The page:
Are Drones the Future of Painting?
The use of drones in the public sector have become increasingly popular in recent years, with many able to take breath-taking photos and videos, and the likes of Amazon testing drones for the delivery of small parcels and hot food. Drones are also being used in farming, as well as search-and-rescue efforts by the emergency services.
The next step for drones could be fleets of drone painters that autonomously paint houses and other large structures. But could drones soon replace the commercial painting Ipswich trade and throughout the rest of the UK?
Why drones make sense
The prospect of painter drones could put the painting industry into turmoil. On one hand, drones are all about safety and would eliminate the need for scaffolding and would reduce the risk that comes with people climbing the sides of tall buildings, or dangling from the side of a offices. There are other safety benefits too, such as taking on tasks that may be unsafe for workers in toxic chemical environments.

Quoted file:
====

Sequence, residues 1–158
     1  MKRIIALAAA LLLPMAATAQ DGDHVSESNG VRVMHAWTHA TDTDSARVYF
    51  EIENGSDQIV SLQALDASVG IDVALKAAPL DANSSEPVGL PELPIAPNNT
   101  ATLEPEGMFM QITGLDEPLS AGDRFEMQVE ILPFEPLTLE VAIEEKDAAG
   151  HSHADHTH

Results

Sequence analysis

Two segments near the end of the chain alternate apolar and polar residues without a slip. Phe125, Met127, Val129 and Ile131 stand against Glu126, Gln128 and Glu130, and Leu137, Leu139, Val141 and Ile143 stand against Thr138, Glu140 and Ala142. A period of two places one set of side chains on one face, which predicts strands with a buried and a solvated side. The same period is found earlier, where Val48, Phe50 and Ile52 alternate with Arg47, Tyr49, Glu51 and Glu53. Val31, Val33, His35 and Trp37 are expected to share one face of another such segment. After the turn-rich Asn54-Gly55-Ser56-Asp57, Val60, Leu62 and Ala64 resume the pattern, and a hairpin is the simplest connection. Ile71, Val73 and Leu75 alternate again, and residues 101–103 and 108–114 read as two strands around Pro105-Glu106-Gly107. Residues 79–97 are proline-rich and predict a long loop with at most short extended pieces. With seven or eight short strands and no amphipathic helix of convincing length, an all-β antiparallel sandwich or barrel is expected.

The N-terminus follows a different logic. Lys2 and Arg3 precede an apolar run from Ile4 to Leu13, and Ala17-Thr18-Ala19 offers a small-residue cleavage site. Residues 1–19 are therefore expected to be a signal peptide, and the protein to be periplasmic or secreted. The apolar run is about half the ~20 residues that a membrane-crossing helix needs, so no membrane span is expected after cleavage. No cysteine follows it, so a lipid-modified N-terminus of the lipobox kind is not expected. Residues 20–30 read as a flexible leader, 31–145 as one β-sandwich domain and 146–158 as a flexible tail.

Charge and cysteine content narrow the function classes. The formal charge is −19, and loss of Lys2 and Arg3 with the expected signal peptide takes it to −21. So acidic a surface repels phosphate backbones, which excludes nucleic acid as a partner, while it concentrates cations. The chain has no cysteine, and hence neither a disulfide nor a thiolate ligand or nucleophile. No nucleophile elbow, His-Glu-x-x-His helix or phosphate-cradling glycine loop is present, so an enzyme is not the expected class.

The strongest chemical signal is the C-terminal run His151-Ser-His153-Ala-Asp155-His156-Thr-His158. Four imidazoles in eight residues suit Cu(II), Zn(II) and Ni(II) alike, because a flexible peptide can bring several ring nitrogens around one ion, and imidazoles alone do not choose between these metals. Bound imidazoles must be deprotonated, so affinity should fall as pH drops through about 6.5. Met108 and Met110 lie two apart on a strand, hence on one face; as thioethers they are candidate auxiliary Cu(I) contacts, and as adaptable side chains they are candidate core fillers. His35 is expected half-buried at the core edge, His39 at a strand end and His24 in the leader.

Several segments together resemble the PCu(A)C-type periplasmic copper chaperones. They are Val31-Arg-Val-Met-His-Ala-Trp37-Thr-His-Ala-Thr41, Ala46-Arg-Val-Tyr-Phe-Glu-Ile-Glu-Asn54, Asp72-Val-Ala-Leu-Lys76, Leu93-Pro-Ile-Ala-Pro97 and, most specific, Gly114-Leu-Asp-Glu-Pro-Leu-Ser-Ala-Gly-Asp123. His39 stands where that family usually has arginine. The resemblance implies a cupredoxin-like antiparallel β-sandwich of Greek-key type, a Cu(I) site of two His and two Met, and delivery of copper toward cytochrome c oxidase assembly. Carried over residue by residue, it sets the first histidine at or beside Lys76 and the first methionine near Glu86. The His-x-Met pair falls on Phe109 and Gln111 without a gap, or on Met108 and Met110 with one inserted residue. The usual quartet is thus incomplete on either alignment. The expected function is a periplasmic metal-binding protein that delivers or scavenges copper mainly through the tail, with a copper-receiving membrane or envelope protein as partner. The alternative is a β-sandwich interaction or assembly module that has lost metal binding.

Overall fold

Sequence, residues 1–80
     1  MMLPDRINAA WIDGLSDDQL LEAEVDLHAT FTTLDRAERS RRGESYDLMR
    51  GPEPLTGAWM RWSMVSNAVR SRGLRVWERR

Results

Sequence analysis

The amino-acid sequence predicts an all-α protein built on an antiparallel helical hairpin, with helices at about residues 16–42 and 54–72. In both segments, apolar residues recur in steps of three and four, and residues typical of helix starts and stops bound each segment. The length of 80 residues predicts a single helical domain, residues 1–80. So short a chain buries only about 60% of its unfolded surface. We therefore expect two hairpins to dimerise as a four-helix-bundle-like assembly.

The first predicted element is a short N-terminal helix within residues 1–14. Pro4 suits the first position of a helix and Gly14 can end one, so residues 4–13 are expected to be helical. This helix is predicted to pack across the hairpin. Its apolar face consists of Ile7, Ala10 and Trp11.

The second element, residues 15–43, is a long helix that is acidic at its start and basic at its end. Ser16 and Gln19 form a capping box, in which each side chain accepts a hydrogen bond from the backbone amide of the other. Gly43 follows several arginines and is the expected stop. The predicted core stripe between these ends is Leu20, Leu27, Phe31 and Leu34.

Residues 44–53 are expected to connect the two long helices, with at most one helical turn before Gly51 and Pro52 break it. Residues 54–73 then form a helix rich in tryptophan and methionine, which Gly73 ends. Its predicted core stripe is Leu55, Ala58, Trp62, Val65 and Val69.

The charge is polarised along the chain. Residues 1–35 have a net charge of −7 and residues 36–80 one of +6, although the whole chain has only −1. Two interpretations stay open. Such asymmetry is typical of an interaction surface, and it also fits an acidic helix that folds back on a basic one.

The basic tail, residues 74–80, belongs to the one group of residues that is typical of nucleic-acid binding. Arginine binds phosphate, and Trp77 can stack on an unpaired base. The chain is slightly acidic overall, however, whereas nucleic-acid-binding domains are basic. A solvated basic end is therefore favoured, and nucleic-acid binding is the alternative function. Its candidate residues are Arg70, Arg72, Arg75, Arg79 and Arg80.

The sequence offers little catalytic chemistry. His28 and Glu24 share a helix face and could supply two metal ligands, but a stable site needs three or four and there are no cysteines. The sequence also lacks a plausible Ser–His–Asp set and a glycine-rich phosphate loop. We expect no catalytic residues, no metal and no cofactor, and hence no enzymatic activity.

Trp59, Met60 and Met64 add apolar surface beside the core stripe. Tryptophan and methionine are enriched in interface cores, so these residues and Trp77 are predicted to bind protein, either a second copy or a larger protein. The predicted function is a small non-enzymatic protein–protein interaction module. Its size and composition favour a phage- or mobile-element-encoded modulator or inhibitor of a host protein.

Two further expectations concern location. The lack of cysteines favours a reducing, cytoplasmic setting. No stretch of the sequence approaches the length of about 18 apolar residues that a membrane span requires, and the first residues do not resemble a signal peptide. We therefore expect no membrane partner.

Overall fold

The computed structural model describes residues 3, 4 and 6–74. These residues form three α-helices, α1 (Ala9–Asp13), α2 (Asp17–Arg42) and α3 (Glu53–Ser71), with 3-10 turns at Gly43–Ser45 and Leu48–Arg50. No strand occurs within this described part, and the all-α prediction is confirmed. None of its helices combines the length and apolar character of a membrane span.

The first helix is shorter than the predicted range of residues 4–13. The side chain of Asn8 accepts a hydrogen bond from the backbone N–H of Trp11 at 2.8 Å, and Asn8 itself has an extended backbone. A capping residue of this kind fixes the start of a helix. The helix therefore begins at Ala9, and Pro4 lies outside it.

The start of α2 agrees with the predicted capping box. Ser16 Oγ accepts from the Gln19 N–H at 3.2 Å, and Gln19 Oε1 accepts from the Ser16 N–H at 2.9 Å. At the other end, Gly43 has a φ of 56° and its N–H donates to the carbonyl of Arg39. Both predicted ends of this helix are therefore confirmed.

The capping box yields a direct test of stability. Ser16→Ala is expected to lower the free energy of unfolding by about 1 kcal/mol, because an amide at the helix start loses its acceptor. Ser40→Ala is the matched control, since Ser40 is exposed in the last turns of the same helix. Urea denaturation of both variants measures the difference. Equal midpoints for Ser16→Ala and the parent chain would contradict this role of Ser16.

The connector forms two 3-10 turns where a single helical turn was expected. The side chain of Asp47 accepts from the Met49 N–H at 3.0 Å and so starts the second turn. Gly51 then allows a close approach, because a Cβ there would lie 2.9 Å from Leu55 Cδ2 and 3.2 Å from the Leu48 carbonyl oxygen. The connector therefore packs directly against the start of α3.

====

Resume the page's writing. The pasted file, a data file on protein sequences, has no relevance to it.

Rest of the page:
However, using drones to handle the bulk of painting would undoubtedly lead to some job losses. Humans would still be required to set things up and monitor the work, but the teams of 20-30 painters needed for big jobs would be gone.
What it means for the industry
Painter drones could have both positive and negative effects on the painting industry. Improved safety is of course a major factor, and an efficient machine-based painting process could help boost production levels and get a job done quicker.
With possible job losses on the cards, the benefits far outweigh the loss. The rise of painter drones wouldn’t eliminate the need for humans completely, as human eyes would be required to ensure a job is done correctly, such as making sure the paint is properly mixed and managing the robotic fleet.
Painter drones could in fact help to create new drops, such as drone and equipment manufacturing, and the development of software needed in order to make sure the drones are as accurate and efficient as possible.